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Tax returns due Oct. 15 for those who got extensions

The Internal Revenue Service on Thursday reminded taxpayers who filed an extension that the Oct. 15 due date to file their 2019 tax return is near. Taxpayers should file their tax returns on or before that date, and for those who still owe, pay as soon as possible to reduce any penalties and interest.

Convenient electronic filing options, including IRS Free File, are still available. Taxpayers and tax professionals should continue to use electronic options to support social distancing and speed the processing of tax returns, refunds and payments.

Although Oct. 15 is the last day for most people to file, some taxpayers may have more time. They include members of the military and others serving in a combat zone, who typically have 180 days after they leave the combat zone to file returns and pay any taxes due; and taxpayers in federally declared disaster areas who already had valid extensions, who can find details on the disaster relief page on IRS.gov.

The safest and fastest way for taxpayers to get their refund is to have it electronically deposited into their bank or other financial account. Taxpayers can use direct deposit to deposit their refund into one, two or even three accounts. Direct deposit is much faster than waiting for a paper check to arrive in the mail.

After filing, use the Where’s My Refund? tool on IRS.gov or download the IRS2Go mobile app to track the status of a refund.

Taxpayers can make their federal tax payments online, by phone or with their mobile device and the IRS2Go app. When paying federal taxes electronically, taxpayers should remember electronic payment options are the optimal way to make a tax payment. They can pay when they file electronically using tax software online. If using a tax preparer, taxpayers should ask the preparer to make the tax payment through an electronic funds withdrawal from a bank account.

IRS Direct Pay allows taxpayers to pay online directly from a checking or savings account for free and to schedule payments up to 365 days in advance. Taxpayers can choose to pay with a credit card, debit card or digital wallet option through a payment processor. No fees go to the IRS.

The IRS2Go app provides the mobile-friendly payment options, including Direct Pay and Card Payment Providers on mobile devices.

Taxpayers may also enroll in the Electronic Federal Tax Payment System and have a choice of paying online or by phone by using the EFTPS Voice Response System.

Taxpayers can go to IRS.gov/account to securely access information about their federal tax account. They can view the amount they owe, access their tax records online, review their payment history and view key tax return information for the most recent tax return as originally filed.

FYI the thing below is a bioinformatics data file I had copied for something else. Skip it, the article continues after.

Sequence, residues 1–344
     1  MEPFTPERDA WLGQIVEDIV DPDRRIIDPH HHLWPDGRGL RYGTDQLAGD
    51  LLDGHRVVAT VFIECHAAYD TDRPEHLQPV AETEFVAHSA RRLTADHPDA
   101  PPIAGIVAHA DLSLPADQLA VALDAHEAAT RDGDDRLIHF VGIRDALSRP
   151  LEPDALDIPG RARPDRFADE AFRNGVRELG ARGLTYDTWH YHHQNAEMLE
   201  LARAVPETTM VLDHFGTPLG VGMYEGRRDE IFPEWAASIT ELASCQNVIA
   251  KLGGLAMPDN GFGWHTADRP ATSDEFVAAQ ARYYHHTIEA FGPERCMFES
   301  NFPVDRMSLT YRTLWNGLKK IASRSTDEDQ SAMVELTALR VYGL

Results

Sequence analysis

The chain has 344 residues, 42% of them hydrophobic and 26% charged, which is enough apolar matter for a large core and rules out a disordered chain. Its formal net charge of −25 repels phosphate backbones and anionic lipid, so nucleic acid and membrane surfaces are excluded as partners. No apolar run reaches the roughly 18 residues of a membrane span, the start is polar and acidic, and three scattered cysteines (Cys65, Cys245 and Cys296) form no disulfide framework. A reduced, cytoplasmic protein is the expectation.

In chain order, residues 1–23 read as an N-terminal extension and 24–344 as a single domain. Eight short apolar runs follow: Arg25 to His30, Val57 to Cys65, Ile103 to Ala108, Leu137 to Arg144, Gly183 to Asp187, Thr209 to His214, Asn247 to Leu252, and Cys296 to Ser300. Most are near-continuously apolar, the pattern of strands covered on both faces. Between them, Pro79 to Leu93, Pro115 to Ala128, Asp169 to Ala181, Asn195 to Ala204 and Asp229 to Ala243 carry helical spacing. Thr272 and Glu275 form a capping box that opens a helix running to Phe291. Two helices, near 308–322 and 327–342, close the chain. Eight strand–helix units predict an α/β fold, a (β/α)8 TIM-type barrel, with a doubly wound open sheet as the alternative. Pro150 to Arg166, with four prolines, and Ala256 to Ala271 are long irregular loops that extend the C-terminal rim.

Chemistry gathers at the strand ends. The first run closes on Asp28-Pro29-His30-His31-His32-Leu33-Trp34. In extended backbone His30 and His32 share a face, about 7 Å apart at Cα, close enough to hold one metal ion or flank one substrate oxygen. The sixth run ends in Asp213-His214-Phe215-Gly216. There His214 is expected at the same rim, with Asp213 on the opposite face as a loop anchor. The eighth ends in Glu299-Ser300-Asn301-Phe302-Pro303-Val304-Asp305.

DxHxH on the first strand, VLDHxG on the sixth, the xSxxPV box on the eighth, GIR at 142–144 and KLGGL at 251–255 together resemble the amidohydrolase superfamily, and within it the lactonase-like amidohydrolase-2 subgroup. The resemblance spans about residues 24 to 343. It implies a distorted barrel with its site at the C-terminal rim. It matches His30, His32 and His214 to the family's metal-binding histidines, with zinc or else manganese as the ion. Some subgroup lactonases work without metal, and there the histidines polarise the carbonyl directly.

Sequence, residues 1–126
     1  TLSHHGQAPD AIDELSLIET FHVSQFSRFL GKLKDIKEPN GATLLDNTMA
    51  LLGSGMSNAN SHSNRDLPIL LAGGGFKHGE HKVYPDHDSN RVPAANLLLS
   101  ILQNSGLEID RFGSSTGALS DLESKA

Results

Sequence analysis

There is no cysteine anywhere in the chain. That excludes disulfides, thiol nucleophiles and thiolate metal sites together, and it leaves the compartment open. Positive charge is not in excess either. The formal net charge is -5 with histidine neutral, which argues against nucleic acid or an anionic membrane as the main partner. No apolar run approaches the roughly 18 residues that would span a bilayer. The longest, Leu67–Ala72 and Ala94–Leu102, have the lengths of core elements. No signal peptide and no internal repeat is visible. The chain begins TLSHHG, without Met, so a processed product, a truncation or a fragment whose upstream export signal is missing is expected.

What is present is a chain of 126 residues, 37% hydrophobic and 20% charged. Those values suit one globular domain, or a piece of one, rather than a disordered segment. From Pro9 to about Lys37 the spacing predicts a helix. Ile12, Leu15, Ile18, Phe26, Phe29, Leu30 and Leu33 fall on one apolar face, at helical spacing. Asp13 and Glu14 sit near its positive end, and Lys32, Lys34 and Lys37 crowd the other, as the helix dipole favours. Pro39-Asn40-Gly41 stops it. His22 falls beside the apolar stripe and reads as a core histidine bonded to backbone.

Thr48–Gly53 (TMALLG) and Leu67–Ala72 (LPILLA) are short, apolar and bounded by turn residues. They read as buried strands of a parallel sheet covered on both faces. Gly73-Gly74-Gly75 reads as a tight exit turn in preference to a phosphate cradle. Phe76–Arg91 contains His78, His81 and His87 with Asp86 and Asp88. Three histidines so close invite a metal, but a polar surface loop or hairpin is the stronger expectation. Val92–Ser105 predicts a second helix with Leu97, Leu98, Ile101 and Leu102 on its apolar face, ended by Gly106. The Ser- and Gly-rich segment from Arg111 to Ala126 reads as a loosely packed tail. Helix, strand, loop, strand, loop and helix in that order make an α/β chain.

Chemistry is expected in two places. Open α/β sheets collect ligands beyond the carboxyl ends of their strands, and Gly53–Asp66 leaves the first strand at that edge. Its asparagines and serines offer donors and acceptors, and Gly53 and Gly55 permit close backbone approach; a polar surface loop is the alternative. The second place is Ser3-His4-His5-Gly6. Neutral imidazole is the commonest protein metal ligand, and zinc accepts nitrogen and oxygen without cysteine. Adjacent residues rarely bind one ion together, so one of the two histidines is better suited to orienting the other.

Several payment options are available on IRS.gov/payments to help taxpayers who can’t pay in full, and some can offer taxpayers smaller penalties. Taxpayers should know that though interest and late-payment penalties continue to accrue on any unpaid taxes after the original July 15 due date, the failure to pay tax penalty rate is cut in half while an installment agreement is in effect.

The usual penalty rate of 0.5% per month is reduced to 0.25% per month. For the calendar quarter beginning Oct. 1, the interest rate for underpayment is 3%.

Though most Americans, more than 160 million, have already received their Economic Impact Payments, the IRS reminds anyone with little or no income who is not required to file a tax return that they may be eligible to receive an Economic Impact Payment.

Available in both English and Spanish, the Non-Filers tool on IRS.gov is designed for people with incomes typically below $24,400 for married couples and $12,200 for singles. This includes couples and individuals who are experiencing homelessness. People must enter their information by Nov. 21 to get a payment this year.

People can qualify for a payment even if they don’t work or have no earned income. But low- and moderate-income workers and working families eligible to receive special tax benefits, such as the Earned Income Tax Credit or Child Tax Credit, cannot use this tool. They will need to file a regular return as soon as possible. The IRS will use their tax return information to determine and issue any EIP for which they are eligible.

Taxpayers may find answers to many of their questions using the Interactive Tax Assistant, a tax law resource that works using a series of questions and responses. IRS.gov has answers for frequently asked questions and has tax information in Spanish, Chinese, Korean, Russian, Vietnamese and Haitian Creole.

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